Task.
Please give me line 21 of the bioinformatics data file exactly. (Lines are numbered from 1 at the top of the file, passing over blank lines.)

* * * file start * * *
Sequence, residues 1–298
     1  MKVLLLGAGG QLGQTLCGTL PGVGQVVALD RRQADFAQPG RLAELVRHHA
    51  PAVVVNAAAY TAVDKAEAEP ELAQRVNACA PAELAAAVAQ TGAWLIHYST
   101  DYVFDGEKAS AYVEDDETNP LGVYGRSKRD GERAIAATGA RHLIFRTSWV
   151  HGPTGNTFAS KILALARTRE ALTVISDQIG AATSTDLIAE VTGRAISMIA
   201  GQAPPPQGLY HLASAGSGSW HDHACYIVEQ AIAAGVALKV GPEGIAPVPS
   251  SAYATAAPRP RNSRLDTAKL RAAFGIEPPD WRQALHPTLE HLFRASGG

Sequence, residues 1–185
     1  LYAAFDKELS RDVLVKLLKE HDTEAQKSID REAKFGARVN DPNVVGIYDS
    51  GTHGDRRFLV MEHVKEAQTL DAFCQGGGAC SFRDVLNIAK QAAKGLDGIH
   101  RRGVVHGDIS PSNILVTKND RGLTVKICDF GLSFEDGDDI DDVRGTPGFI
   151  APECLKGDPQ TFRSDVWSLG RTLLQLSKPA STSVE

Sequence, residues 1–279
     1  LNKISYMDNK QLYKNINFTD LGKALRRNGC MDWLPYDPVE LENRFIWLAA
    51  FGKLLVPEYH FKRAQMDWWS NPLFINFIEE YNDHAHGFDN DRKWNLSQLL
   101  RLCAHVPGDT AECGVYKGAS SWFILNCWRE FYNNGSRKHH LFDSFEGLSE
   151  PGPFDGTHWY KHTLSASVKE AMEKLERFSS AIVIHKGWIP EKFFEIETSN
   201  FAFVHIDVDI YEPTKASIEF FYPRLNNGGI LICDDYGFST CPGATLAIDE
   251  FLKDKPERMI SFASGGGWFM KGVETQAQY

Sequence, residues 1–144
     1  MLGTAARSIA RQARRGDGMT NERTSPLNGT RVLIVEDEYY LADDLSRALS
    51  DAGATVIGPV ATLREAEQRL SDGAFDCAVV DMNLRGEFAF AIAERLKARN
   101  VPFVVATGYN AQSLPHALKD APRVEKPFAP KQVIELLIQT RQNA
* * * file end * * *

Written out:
     1  MLGTAARSIA RQARRGDGMT NERTSPLNGT RVLIVEDEYY LADDLSRALS